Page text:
Literacy 7-12

Systems Change


Factor Connections

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Inferencing, or making connections among outside knowledge, individual experiences, and texts, aids in reading comprehension by helping readers fill in information that may not be literally stated in the text. The ability to make inferences develops with age, as readers begin to make deeper inferences based on their own knowledge, rather than from within the text itself. Understanding content-specific text in middle and high school increasingly calls for higher level Inferencing skills to fully connect Background Knowledge to new information.

Main Ideas

Inferences are made during reading (online inferencing) and after reading (offline inferencing) during metacognitive reflection. This can include making predictions about text as well. Different types of inferences help readers put together a mental image of the text using information found within and outside of a text.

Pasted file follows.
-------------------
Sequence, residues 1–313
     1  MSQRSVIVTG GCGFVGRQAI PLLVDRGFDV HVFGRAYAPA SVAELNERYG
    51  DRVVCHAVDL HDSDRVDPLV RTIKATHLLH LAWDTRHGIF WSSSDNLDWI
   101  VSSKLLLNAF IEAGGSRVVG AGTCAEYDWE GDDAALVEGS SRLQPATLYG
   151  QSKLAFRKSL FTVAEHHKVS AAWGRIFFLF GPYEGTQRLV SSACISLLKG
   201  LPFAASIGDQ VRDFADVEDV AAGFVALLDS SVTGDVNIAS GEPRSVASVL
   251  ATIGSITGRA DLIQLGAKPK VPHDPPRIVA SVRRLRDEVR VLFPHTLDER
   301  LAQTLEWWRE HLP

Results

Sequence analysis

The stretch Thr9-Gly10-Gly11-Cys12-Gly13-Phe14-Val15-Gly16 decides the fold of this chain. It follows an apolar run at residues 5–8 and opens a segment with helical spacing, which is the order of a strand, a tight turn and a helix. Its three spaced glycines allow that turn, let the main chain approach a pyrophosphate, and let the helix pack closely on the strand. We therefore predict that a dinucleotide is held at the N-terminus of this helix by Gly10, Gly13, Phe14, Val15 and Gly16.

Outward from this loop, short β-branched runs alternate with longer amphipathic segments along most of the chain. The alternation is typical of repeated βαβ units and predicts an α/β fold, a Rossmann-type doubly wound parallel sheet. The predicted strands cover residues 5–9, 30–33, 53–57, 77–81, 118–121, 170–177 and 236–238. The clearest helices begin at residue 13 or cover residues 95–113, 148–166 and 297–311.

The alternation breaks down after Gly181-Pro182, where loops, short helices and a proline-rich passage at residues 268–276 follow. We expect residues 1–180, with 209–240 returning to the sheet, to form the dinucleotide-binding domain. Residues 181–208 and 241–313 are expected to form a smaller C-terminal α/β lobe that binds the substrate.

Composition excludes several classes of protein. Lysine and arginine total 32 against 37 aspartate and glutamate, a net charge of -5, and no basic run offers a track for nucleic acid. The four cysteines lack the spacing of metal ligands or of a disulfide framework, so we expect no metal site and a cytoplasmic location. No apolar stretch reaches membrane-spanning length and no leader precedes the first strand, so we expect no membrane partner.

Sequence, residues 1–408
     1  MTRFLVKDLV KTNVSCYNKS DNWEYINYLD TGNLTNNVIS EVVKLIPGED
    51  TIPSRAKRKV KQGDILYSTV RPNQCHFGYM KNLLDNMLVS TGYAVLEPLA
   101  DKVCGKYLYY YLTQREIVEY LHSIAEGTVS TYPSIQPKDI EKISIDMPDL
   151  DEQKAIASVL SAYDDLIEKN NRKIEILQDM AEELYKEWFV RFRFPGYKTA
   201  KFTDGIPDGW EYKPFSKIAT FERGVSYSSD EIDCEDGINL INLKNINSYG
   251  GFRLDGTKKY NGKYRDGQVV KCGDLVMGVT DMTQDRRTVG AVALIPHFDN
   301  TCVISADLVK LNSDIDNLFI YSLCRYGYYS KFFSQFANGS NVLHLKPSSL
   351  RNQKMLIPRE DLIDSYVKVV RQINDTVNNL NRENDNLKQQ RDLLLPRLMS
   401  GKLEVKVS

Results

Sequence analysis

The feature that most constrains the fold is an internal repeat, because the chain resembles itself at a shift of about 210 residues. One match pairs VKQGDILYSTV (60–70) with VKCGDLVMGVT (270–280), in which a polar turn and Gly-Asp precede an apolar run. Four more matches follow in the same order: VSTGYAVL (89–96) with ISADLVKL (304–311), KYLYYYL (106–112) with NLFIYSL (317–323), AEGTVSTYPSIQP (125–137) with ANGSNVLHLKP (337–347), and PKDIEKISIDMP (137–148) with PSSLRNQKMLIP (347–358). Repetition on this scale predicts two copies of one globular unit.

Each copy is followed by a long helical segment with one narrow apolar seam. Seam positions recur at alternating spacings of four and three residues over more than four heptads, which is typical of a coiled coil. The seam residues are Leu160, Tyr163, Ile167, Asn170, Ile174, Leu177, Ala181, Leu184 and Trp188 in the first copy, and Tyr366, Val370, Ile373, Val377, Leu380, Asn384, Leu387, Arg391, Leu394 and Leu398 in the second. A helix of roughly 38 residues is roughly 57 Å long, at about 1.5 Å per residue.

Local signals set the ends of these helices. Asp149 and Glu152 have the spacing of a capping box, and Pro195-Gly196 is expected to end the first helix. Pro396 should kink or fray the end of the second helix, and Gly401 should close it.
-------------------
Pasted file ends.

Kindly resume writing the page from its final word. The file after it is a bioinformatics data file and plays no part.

The two main types of inferencing are:

  • Coherence inferences: This type of inference, part of Verbal Reasoning, is the ability to understand the literal meaning of the text. For example, understanding the subject of a sentence when an anaphor (i.e., he, she) is used to replace a noun (antecedent) in a text. This skill becomes more automatic with age but is more difficult with the types of complex texts adolescents read that may have more information between the anaphor and antecedent.
  • Elaborative inferences: This type of inference is higher level and requires readers to use their outside knowledge of the world to create meaning while reading. Adolescent readers need more elaborate Background Knowledge when reading complex content area texts.

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